Chapter by Chapter, compares writing to faith:

When you write, you believe in something no one else can see. You spend lots of time committed to a project for which there are no assurances, no guarantees. Being a writer subjects you to the same doubts, the same unpopularity, the same nagging questions that believers struggle with.

And yet it is amazing how when you do take that leap of faith onto the blank page, things begin to shape up and come together in unexpected ways. Quirky new characters drop in for tea. The plot thickens. You take a walk in the woods and a startled chipmunk gives you a new idea. While you sleep, the answer to a story problem comes in a dream. There seems to be something about courageously setting out that invites the things you need to finish the work.

Watch for these gifts, and accept them gratefully

Friday, February 15, 2008

Day 15: Mid Point

Today is day 15 of FEBO, the middle day of February in the year 2008. If the writing life were a linear, logical progression, you would be half done with your writing goals for February.


But it's not. At least it's not for me. I got side-swiped by a flu bug early in the month, and this feels more like Day 7. Maybe you were derailed by something else, and you're actually on Day 10. Or maybe you're just joining FEBO today, and this is Day 1.

FEBO really isn't about yesterday--with its failures or successes. And it's not about tomorrow--when we fantasize about how organized we're going to get and all that we'll do some day.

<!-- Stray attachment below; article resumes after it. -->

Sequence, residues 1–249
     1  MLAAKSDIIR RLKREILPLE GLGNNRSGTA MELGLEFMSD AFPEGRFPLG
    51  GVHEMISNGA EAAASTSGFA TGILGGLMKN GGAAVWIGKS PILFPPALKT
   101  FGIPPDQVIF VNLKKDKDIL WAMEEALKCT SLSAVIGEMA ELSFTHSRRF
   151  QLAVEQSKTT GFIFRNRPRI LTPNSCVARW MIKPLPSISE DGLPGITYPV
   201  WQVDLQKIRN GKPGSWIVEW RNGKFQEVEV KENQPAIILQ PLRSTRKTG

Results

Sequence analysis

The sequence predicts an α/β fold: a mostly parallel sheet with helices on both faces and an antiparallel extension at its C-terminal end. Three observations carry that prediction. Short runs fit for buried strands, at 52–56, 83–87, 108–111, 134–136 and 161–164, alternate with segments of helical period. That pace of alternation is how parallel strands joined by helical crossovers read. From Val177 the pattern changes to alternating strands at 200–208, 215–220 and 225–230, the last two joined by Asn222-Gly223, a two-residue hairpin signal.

FEBO is about TODAY. About setting writing goals and working on them today. Today is a fresh start, a clean page.

To paraphrase Aragorn's battle speech in The Lord of the Rings: "The day may come when the hearts of men will fail. . .but it is not this day. This day we write!"

So, welcome, one and all, to Day 1.

Thursday, February 14, 2008

Day 14: A Valentine for Writers

Dear Writer. . . .

You may not be rich.

Or famous.

You may not get letters from adoring readers or crazed fans.

You may not be doing the talk show circuit to promote your latest best seller.

You may feel like you’re never going to get a break / be discovered / find an agent / finish the stupid book you’ve been writing since Ronald Reagan was in the White House.

But still you keep plugging away in the face of discouragement and set-backs and rejections and gray sky days and the temptation to throw your computer out the top window of a thirteen story building.

You write in your journal. You enter contests. You send out queries. You jot down ideas on table napkins and church bulletins or the back of your electric bill. You trade critiques with other writers and keep working on ways to make your story or poem or article better than it was before.

You do it for love.

You do it for the love of creating order and meaning and beauty with words.

You do it because you have been given a gift, and you want to give back.

You do it in spite of everything. You do it anyway.

Here's to you, faithful word smith!


Wednesday, February 13, 2008

Day 13

This morning I set the alarm on my phone to go off in one hour, and then I jumped into the day's writing. I knew that I could stop as soon as the buzzer sounded but not a moment before.